TRAILERS

Comfort has started to get more important as the years of travel has gone on with sleeping on a decent bed and being able to prepare food and sleep free of bugs the main priority. This is so we can enjoy the surrounds even more and wake up refreshed the next day. We donít seek at all the toilet and shower block of a camp ground as we prefer the peace and quite of being remote and use a shovel and bag shower instead. So rather than overload the vehicle putting strain on suspension components etc and raising the centre of gravity using a rack and still be able to carry all the equipment, food and clothes etc. for being self sufficient in the Outback we need, we decided we would much rather tow a trailer for the one month a year when we are touring every year than put up with a larger 4wd the rest of the year. We chose to buy the small and lighter Cherokee and tow a trailer as the weight of the trailer fully loaded with food, water, fuel and clothes etc only brings up the total mass to that of a completely empty Landcruiser and Patrol of the time ( they are even heavier now ) but still with more power under the bonnet. It is also spread over 6 tyres which is an advantage over sand and soft ground where we spend a lot of time on and should we ever sink, we can simply un-hook the trailer and drive out with 700 kgs less weight to shift! Then snatch the trailer out and hook it back up. Try to lose that much weight that quickly in a Landcruiser! It has also made quick getawayís so easy as everything it kept in the trailer ready to go and only have to add food, water and clothes and we are off. The car only has the fridge and battery to add in the back and we are set to go well under an hour.

    Trailer1.jpg (17949 bytes)

Off road trailers

In Australia it is very common to tow offroad trailers because of the vast distances that have to be covered between refueling and food restocking points. I have to carry 60 litres (16 gallons) of water and 50 litres (13 gallons) of fuel plus food and clothes and camping equipment for three. As soon as you leave the tar it pays to have at least two weeks worth of food and water in case of break down or rain which can raise rivers in a few hours from dry to over a meter and half deep. You then have to sit it out until it drops enough to cross. The tracks I travel at the time of year that I do (early December), there  maybe only a person coming past every two to three weeks. We have 813,769 kms of roads of which only 323,020 kms are sealed. 490,749 kms are unsealed of which 177,593 have no surface at all! Which means they just run a bulldozer through to mark the track and leave it at that! I average over 4,000 kms. (2500 miles) off pavement driving per trip that I do, so it pays to have good suspension. The standard suspension on trailers with the short hard leaf springs cause many failures in the springs and mounts through being too hard and fatiguing after a while. They also cause every thing to jump around inside and break. The first trailer that I built had independent suspension with 9" of travel from a rear end off a Subaru car. I used heavy duty shocks as well with good results and it rode nice and soft but it is not suitable for carrying over 500 kgs. (1100 lbs.). The new one I have uses XJ upcountry leaves and shocks which I carry around 750kgs. (1650 lbs.).  The long leaves give a smooth ride and stop things from getting broken. Remember, if you wouldn't run the suspension on your tow vehicle, you shouldn't run it on your trailer! Best test is, if you cannot move the suspension by leaning down on it with all your weight at least an inch, it is too stiff! This would mean that the springs are at least more than 200lbs which is too much for a trailer weighing under a ton loaded. Both trailers also use an offroad coupling that allow 360 degrees of rotation so no binding can occur.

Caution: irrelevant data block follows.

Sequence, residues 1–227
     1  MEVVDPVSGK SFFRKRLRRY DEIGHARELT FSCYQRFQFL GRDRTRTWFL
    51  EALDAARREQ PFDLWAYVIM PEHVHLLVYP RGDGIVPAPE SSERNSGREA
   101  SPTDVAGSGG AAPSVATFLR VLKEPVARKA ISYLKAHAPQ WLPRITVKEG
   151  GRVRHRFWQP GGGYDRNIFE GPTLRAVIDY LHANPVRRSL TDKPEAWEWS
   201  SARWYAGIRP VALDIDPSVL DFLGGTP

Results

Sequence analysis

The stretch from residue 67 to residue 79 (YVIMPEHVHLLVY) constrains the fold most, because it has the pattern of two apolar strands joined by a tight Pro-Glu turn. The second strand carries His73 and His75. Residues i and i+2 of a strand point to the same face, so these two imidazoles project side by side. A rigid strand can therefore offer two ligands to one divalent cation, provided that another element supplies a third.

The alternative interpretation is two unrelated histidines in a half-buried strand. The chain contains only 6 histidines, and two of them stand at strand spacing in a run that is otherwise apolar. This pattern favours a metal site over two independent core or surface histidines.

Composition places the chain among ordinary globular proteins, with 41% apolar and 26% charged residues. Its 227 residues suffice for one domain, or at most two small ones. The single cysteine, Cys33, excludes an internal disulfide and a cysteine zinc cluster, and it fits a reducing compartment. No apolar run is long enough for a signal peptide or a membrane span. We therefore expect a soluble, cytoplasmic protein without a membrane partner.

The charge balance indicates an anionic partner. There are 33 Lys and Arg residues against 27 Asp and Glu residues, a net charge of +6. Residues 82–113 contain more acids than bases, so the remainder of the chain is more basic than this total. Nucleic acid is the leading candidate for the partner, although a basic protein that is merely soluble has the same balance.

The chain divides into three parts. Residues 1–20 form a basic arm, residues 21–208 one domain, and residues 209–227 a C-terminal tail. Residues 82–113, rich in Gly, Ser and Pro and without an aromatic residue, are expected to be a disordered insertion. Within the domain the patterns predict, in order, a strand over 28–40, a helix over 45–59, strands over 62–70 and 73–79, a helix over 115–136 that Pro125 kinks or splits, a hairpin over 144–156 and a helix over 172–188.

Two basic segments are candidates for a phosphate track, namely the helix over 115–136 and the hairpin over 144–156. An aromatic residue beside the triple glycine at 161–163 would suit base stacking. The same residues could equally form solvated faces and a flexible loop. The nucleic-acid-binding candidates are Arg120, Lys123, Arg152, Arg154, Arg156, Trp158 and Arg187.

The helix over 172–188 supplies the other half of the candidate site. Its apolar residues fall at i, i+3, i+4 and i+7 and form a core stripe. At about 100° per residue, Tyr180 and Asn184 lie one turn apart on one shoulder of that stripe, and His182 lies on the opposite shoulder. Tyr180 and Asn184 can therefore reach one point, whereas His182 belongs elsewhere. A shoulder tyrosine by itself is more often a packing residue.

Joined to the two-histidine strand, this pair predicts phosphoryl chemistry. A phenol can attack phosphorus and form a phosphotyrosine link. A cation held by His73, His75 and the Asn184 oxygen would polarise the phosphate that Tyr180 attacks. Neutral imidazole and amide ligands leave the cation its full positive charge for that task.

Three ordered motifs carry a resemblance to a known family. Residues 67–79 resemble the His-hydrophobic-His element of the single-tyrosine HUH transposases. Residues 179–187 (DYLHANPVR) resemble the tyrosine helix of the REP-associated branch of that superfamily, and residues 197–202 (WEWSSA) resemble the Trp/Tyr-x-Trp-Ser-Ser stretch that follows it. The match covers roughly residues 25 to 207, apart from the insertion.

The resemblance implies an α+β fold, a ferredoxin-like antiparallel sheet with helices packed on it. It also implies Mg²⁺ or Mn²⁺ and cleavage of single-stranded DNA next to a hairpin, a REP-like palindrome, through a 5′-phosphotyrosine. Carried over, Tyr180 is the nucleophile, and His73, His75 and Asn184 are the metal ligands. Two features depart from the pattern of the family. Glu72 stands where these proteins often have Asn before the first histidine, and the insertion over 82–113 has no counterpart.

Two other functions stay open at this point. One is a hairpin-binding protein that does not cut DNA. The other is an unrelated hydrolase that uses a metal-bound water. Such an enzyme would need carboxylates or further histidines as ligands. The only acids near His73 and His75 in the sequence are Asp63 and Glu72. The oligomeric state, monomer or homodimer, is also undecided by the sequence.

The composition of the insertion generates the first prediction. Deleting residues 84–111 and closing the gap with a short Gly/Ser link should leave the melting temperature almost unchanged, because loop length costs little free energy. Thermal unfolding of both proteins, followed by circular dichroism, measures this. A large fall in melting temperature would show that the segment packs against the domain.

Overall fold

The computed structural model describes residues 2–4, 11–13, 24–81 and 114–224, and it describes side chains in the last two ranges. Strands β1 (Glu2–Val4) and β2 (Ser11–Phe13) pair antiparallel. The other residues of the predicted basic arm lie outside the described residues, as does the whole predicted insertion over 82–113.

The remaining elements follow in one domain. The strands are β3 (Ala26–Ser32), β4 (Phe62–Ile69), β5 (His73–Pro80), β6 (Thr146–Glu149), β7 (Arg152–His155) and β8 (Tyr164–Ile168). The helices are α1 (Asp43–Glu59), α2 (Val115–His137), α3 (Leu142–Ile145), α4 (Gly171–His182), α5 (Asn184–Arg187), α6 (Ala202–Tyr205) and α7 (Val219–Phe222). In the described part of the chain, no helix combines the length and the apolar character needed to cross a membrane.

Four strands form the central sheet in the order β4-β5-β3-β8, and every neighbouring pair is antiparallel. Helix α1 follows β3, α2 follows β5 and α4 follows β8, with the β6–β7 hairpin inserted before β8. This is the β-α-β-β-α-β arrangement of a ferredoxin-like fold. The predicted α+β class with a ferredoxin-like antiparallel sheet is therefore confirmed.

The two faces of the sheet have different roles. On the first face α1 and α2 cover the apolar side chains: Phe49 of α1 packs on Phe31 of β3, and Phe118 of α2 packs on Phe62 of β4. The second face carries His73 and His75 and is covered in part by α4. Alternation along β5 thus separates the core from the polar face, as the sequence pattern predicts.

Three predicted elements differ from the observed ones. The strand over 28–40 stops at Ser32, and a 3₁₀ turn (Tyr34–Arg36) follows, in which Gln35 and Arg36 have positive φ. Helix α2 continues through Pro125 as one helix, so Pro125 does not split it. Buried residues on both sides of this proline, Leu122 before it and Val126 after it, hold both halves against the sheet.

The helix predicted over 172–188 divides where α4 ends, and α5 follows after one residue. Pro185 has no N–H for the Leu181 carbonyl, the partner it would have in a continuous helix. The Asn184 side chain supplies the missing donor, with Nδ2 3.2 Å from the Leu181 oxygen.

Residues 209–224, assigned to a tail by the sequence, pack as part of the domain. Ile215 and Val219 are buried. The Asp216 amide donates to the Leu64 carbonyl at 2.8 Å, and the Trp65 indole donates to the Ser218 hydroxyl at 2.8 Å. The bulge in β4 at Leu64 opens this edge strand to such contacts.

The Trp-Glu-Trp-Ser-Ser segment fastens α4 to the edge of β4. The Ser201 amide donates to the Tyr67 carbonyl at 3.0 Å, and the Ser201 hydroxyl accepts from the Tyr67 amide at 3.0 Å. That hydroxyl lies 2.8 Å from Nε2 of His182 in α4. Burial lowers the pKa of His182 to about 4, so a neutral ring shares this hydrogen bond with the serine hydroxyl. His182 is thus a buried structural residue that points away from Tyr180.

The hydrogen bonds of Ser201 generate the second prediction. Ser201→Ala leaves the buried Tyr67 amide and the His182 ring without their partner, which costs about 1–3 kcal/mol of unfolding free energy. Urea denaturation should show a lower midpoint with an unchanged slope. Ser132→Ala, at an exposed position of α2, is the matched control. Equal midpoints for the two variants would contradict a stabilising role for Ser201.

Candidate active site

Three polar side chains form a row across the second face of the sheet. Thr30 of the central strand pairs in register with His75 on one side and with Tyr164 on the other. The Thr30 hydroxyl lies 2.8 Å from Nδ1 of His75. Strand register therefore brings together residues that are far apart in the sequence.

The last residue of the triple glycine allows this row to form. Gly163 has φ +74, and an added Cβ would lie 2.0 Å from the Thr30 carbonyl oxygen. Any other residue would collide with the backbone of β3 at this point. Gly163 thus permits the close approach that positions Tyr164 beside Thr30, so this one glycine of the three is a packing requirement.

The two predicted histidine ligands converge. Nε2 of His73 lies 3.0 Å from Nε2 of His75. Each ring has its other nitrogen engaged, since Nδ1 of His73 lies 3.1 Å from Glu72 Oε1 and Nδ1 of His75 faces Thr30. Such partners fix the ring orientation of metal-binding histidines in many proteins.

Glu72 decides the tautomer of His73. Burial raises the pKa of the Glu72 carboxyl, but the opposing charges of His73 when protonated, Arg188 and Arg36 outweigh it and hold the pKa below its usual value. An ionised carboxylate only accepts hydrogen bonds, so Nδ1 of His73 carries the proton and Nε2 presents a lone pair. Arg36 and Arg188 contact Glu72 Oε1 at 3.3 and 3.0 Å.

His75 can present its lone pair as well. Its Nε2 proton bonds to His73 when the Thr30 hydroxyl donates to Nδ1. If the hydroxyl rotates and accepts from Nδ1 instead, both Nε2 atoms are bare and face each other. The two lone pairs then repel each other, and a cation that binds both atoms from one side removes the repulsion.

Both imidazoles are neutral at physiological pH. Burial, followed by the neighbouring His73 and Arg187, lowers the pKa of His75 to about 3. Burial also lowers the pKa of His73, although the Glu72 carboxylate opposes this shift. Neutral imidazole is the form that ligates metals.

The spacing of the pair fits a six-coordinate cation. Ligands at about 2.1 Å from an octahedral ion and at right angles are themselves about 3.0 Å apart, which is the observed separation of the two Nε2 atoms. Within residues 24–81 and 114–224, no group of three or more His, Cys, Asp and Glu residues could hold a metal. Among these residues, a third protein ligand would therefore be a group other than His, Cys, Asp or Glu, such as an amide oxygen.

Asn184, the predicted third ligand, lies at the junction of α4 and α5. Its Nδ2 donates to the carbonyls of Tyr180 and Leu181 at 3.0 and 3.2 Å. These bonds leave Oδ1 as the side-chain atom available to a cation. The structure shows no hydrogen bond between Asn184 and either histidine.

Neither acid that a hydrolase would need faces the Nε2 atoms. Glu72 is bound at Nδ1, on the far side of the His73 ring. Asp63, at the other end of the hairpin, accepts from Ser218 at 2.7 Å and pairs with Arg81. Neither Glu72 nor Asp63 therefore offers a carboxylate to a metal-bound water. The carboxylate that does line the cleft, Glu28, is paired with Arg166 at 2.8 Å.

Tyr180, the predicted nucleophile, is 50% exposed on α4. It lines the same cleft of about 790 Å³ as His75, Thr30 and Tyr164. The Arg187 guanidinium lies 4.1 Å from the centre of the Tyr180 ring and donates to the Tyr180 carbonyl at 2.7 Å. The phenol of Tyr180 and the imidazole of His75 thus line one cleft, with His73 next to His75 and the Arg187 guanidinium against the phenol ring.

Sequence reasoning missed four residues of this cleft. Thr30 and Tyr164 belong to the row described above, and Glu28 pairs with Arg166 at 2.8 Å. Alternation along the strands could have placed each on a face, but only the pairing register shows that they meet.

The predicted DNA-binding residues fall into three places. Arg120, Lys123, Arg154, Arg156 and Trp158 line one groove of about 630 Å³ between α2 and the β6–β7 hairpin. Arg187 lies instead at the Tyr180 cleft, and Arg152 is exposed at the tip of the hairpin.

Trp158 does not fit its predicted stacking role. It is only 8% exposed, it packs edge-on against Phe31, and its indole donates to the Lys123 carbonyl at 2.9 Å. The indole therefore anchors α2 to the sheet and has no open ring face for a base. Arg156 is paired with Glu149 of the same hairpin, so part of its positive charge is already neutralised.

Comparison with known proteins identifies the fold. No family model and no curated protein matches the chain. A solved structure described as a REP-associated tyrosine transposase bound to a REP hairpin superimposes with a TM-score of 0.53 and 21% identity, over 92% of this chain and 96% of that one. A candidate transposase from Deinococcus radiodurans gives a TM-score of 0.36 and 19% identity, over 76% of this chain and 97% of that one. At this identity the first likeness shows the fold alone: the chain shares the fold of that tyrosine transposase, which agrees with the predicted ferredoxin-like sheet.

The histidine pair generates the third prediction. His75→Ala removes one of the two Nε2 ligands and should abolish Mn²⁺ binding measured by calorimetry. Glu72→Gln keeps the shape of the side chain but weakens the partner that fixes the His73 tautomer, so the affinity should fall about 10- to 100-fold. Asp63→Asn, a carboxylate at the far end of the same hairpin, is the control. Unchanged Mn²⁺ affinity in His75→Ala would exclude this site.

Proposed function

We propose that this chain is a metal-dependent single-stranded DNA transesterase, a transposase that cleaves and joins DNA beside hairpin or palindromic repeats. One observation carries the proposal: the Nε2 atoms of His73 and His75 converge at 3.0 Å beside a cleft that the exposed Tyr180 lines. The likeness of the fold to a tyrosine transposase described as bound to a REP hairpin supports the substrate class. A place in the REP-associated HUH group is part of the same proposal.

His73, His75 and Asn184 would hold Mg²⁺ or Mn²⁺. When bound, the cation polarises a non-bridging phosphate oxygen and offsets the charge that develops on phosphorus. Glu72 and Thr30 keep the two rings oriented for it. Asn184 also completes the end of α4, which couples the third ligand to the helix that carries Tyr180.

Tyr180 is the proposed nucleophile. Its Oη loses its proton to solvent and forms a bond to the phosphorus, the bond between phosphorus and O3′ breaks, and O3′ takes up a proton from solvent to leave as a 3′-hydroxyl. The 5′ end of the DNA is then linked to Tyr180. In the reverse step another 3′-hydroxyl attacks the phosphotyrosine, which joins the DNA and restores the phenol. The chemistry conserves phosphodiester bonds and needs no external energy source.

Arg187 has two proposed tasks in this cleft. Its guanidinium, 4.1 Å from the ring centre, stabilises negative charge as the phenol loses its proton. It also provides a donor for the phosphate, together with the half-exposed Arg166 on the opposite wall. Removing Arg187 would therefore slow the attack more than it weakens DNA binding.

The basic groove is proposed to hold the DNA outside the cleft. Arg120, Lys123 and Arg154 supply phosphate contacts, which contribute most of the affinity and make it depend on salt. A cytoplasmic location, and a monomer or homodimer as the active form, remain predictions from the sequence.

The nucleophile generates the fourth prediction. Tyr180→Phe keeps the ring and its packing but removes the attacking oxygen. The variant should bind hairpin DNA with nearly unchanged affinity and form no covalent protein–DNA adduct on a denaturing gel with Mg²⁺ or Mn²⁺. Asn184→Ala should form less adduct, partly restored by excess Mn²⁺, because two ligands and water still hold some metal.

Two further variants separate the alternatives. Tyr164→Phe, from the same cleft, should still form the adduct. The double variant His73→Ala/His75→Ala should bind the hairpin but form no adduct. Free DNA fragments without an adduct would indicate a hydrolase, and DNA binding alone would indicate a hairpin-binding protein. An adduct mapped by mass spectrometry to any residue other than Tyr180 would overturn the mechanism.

This is from the lid of my offroad trailer showing the places (in red) that I have driven in the last 8 years with my XJ and trailer in tow. Australia is similar in size to the United States of America so you can see how easy it is to rack up the miles. The other photo shows the souvenir stickers of the out of the way places I have collected along the way.

My XJ sprung trailer

This is my latest trailer that uses XJ upcountry spring and shocks with a Rancho add-a-leaf that you can see getting fitted in the how to section. I have changed trailers because after the roll over I didn't what the weight of my roof top camper effecting the centre of gravity. It will also allow me to set up a base camp and not having to pack up everything when I need the car. The trailer did run 30x9.50x15 tyres on XJ Cherokee rims but now runs 245x75x16 BFG AT's on matching 16x8.5 rims with electric brakes. The axle is solid 2" square bar that has been turned on a lathe to the fit within the track of my XJ. The hubs have a Ford stud pattern which is the same as the XJ, which are made for trailers.

Gumnuts.jpg (14952 bytes)     Gumnutf.jpg (18349 bytes)